Treasury steps up pressure on lenders to modify more mortgages
Tuesday, December 1, 2009
The Obama administration on Monday promised tougher scrutiny of lenders participating in its marquee foreclosure-prevention effort and threatened to penalize companies that don't do enough to help struggling homeowners.
The move is aimed at breaking a bottleneck in the Making Home Affordable program, which was launched in March but has been slow to reach many borrowers. Most of the 650,000 homeowners enrolled in the program are stuck in its initial phase and still must prove that they qualify for reduced mortgage payments. Moving those borrowers from trial modifications into permanent ones is a key test of the effort's effectiveness.
Treasury Department officials would not say Monday how many loans have been permanently modified. But a recent report by the Congressional Oversight Panel, which is monitoring the government's Troubled Assets Relief Program, found that only about 1 percent of borrowers had moved from a trial modification into a permanent one.
"In our judgment, servicers, to date, have not done a good enough job of bringing people a permanent modification solution," Assistant Treasury Secretary Michael Barr said during a conference call with reporters.
Under the program, eligible homeowners can have their loans modified to reduce their mortgage payments to 31 percent of their income. To qualify for a permanent modification, borrowers must provide extensive documentation and make three consecutive payments to prove they can afford the new loan.
To prod lenders to move more borrowers into permanent loan modifications, Treasury officials said they would use a combination of public shame and monetary penalties. Lenders' performance will be tracked in report cards that show how many loans have been permanently modified, and teams of officials from the Treasury and Fannie Mae will visit major banks to monitor their progress.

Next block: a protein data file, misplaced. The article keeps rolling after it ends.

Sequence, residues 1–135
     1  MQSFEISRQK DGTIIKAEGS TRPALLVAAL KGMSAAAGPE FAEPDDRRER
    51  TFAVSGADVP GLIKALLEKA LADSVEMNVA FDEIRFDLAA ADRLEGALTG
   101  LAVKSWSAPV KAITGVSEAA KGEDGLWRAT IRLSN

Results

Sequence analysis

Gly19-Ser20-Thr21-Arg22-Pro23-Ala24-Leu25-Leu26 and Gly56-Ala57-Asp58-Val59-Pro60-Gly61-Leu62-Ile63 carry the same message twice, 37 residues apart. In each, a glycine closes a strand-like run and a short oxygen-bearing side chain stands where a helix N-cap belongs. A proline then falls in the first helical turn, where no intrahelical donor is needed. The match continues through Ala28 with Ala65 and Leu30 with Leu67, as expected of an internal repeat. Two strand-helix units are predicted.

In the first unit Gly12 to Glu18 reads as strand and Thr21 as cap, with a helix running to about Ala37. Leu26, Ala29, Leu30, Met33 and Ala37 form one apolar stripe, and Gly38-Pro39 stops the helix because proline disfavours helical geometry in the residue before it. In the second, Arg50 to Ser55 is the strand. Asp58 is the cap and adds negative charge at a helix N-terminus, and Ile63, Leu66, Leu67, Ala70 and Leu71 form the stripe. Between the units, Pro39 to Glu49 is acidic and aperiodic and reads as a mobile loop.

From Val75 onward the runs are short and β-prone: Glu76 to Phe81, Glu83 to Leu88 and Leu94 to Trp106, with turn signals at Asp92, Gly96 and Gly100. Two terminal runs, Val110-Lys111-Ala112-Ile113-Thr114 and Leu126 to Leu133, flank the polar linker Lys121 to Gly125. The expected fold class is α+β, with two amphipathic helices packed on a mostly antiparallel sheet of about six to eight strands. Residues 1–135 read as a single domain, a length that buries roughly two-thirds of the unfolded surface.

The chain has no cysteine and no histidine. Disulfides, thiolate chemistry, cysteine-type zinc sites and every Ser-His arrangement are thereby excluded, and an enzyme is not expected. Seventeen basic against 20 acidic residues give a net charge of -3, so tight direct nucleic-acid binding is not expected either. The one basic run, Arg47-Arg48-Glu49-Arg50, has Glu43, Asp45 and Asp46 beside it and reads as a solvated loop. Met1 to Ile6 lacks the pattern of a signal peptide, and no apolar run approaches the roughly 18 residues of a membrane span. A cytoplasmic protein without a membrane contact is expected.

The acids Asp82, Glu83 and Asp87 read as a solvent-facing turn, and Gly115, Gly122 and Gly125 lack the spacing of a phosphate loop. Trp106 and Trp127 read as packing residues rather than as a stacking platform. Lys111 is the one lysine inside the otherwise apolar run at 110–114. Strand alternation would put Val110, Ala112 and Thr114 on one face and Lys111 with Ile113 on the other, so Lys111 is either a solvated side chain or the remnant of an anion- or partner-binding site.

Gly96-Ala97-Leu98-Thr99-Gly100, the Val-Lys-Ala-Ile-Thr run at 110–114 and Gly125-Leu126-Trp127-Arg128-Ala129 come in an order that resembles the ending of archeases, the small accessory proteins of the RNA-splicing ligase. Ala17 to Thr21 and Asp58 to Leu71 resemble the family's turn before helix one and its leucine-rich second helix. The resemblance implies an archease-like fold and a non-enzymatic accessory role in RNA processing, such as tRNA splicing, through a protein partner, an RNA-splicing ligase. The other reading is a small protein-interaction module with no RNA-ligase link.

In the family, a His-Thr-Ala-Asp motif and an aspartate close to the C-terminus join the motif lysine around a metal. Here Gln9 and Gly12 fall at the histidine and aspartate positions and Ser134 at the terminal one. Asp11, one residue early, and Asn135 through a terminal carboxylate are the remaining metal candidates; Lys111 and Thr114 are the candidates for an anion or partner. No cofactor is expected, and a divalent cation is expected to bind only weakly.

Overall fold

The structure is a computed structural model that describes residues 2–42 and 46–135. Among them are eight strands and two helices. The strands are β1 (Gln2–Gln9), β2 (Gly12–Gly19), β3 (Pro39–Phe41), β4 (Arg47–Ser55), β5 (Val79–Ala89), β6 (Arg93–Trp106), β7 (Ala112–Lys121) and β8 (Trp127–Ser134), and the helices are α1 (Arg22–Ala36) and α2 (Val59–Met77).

Lenders that fail to perform will be "subject to consequences which could include monetary penalties and sanctions," according to a Treasury statement. Officials declined Monday to detail what those penalties could be. Lenders are not paid under the program until a loan modification is made permanent, and it was unclear what additional recourse the government might have under its contracts with participating companies.
The announcement, however, failed to satisfy housing advocates, who expressed continued frustration with what they consider slow progress on loan modifications and urged the administration to take more aggressive action.
"The lack of conversion of these loans is at dismal levels, which means the program has been a failure," said John Taylor, president of the National Community Reinvestment Coalition. "The government needs to take the gloves off and do something much more proactive, and I don't think penalizing is enough."
Taylor said the administration should support allowing bankruptcy judges to modify mortgages or use government bailout funds to buy these mortgages from lenders at a discount and then force their modification.
"If you wait for voluntary compliance you're going to get more of what the government is already experiencing, and that's frustration," he said.
Tough economic conditions, including rising unemployment, are making it harder for some borrowers to qualify, said John Courson, president of the Mortgage Bankers Association.